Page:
should use the rules and principles discussed above (and in class) to extract and
analyze a number
of potentially important scenes from Hotchner’s memoirs.
First, look for specific incidents involving an
affect (emotion, wish, etc.), an object (person, goal, etc.) and some kind of action,
interaction or transformation. If he reports them, they are probably of some
importance. But not all are equally important, nor do you have time or energy
enough to undertake a comprehensive analysis of every scene in the book! A
problem in dealing with a large mass of autobiographical material is identifying
the important stuff. What scenes in King
of the Hill matter? Once we get the number of scenes to manageable
proportions, it is easier to spot themes that unite ‘families’ of scenes. Useful
Irving Alexander’s salience indicators are
helpful. Primacy, frequency, uniqueness, and emphasis are probably the
easiest to apply.
The presence of strong affects and/or the
occurrence of dramatic changes in the affective tone, is a key indicator
that a scene ‘matters.’
You may want to begin with a set of about 20
scenes, drawn from throughout the book, Next, sort those scenes into ‘families,’ sets
of scenes that seem to share common themes. There is no strict rule here, but
you’ll probably find somewhere between 4 and 10 such ‘families’ or principal
‘themas’ expressed. Take notes as you go!
Next, analyze the scenes within each group.
You will probably find that a subset of them are the ‘juicy’ ones, expressing
the common theme in a richly elaborated way, while others are relatively
incomplete or limited. Feel free to focus on the most powerful ones, merely
citing the others as supportive evidence.
Identification of personal dispositions or qualities
expressed in the scene
Murray-style analysis of needs, press,
outcome (augmented by later work)
Consider the affects (and affective shifts),
complexity, and imagoes
What lessons or rules about life have been
drawn from the scene?
craft a verbal portrait of Hotchner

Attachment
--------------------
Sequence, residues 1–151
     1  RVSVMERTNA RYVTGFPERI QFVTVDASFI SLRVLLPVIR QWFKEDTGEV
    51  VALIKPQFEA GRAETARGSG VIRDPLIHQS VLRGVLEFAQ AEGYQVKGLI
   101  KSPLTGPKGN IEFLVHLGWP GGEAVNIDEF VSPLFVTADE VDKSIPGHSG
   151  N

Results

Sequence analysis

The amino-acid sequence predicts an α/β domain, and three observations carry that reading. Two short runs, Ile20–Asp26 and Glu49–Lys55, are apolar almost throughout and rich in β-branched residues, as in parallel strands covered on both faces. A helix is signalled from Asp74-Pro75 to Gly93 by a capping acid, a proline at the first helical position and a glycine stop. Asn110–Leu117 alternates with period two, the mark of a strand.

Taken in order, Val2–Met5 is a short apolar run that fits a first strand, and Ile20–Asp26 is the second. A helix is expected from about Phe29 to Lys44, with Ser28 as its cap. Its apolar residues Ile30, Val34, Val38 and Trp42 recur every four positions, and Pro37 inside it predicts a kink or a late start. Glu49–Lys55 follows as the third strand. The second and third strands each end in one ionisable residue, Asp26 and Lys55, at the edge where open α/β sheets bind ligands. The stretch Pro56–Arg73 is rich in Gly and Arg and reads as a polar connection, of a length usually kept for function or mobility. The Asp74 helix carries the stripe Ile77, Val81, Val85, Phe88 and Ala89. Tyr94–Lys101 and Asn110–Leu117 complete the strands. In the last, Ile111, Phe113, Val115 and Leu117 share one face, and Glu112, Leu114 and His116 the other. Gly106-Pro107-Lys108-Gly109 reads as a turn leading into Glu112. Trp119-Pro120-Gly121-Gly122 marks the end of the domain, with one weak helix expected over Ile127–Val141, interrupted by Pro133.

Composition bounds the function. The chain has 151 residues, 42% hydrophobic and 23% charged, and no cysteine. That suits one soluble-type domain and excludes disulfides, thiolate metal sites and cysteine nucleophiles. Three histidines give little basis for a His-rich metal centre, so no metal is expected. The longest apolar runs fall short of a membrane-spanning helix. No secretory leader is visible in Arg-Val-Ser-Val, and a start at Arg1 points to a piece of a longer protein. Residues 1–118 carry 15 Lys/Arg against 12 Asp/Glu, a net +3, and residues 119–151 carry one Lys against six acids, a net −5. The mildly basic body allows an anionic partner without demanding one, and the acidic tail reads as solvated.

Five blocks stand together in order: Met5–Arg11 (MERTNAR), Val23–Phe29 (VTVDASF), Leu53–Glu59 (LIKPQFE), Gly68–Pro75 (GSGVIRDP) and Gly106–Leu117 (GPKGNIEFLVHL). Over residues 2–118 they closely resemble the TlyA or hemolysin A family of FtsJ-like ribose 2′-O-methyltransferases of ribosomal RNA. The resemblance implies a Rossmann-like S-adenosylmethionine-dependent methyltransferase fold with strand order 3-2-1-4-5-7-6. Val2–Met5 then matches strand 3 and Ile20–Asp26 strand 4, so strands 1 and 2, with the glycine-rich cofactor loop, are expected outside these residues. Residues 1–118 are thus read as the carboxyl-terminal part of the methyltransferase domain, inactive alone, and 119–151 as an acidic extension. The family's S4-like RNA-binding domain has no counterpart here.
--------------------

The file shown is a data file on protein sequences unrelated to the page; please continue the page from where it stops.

that draws upon the key memories as organized conceptually by you. Your goal is
to identify his central dispositions, salient needs and press, and/or nuclear
scripts. All of these amount to different approaches to the same underlying
ideas. Which vocabulary you prefer to use (e.g., Allport’s, Murray’s, or
Tomkins’) is up to you. But be sure to cite
specific scenes in support of your assertions.
As stated in the course syllabus, the essay should be
typed, double spaced, using a standard font (such as Times New Roman 12) with
1” margins all around. It should be about 6 – 7 pages (i.e., 1,500 – 1,750
words) long. It should be revised based on a consultation with a Writing
Associate (W.A.) in the Writing Center. You have some latitude as to how to
organize your essay, and also as to its content (there isn’t one ‘correct’
solution to this complex woman’s personality) – though it should reflect and
refer to the content of the memoirs (not wild speculation), and it should be a
psychological study (not purely biographical). The final essay should be
submitted electronically into the appropriate assignment slot on our class web
page. The annotated rough draft should be handed in physically. If you have
supporting documentation (e.g., notes on specific scenes), they may be handed
in as well. I will be interested to look them over.